What is observability?
In control theory, observability is defined as how engineers can infer the internal states of a system from knowledge of that system's external outputs.
Software engineering teams use observability to understand the behavior of complex digital systems, including when and why errors occur. By looking at a system's outputs, such as metrics, events, logs, and traces, engineers can determine how well that system is performing. A common abbreviation for observability is o11y.
Observability of digital systems has four fundamental components:
- Open instrumentation gathers open source or vendor-specific telemetry data from entities that produce data. Examples of entities include services, hosts, applications, and containers.
- Correlation and context help you understand the bigger picture. Large enterprise applications have enormous amounts of raw telemetry data. The telemetry data collected must be analyzed for correlations and context, so humans can make sense of any patterns and anomalies that arise.
- Programmability gives organizations the flexibility to create their own context and curation with custom applications based on their unique business objectives.
- AIOps tools accelerate incident response to ensure modern infrastructure is always available. AIOps solutions use machine learning models to automate IT operations processes such as correlating, aggregating, and prioritizing incident data. These tools help you eliminate false alarms, proactively detect issues, and accelerate mean time to resolution (MTTR).
Why is observability important?
Observability tools empower engineers and developers to create better customer experiences despite the increasing complexity of the digital enterprise. With observability, you can collect, explore, alert, and correlate all telemetry data types.
Modern-day systems are transforming into complex, open source, cloud-native microservices running on Kubernetes clusters. They are being developed and deployed at lightning speed by distributed teams. With DevOps, continuous delivery, and agile development, the whole software delivery process is faster than ever before, which can make it more difficult to detect issues when they arise.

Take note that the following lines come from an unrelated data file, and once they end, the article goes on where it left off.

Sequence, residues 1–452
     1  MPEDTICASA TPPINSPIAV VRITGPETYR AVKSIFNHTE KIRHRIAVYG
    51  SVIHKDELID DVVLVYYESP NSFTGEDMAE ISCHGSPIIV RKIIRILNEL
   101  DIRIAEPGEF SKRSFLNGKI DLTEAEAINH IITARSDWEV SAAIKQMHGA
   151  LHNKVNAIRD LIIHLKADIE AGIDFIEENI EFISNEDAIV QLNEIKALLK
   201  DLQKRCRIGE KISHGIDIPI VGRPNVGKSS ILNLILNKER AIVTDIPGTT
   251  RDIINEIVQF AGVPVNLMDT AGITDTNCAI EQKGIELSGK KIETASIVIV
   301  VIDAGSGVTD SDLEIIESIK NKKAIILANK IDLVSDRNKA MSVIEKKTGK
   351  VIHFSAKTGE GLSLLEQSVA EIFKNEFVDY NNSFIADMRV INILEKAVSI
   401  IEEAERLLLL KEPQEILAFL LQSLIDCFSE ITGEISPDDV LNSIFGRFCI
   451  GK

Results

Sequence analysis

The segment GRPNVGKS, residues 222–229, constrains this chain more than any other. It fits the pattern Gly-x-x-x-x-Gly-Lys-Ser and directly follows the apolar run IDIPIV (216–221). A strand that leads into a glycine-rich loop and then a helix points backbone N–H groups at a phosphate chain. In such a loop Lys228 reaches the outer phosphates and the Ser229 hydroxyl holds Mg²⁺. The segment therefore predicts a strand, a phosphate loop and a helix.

When things went wrong in the days of mainframes and static operations, it was pretty easy to understand why. Most older systems failed in similar ways over and over again.
As systems became more complex, monitoring tools attempted to shed light on what was happening with software performance. You could trace application performance with monitoring data and time-series analytics. It was a manageable process. But systems became more complex.
Today, the possible causes of failure are abundant and can feel infinite when you are staring at a screen, frustrated. When working on these complex, distributed systems, identifying a broken link in the chain can be nearly impossible without an observability solution. Now that microservices architectures are commonplace, every member of your software team needs to be involved. Teams need to understand, analyze, and troubleshoot application areas they don’t necessarily own. You need distributed tracing, which allows you to trace requests through all parts of a distributed system.
Everything fails at one point or another, whether due to code bugs, infrastructure overload, or changes in end-user behavior. The way that software fails is not predictable. You have to be able to dynamically react with the data.
The 2021 Observability Forecast found that 90% of respondents believe observability is important and strategic to their business, but only 26% said their observability practice was mature. Only half of the nearly 1,300 software engineers, developers, and IT leaders surveyed said their business was in the process of implementing observability.
Observability is essential, and there's a lot of room for most businesses to improve.
What can you do with observability?
Observability is not just a fancy synonym for monitoring. You can do so much more:
- Accelerate time to market.
- Ensure uptime and performance.
- Troubleshoot and resolve issues faster.
- Gain greater operating efficiency and produce high-quality software at scale.
- Understand the real-time fluctuations of your digital business performance.
- Optimize investments.
- Build a culture of innovation.
Observability makes it easier to drive operating efficiencies and fuel innovation and growth.
For example, a team can use observability to understand critical incidents that
occurred and proactively prevent them from recurring. This decreases downtime and improves MTTR.
When a new build is pushed out, they can see into the application performance and then drill down into the reasons why an error rate spikes or application latency rises. They can see which particular node has the problem. For more examples, organized into 10 principles of observability, see Observability: A 21st Century Manifesto.
Application performance monitoring is one piece of observability. To dive into the specifics of application performance monitoring, see What Is APM?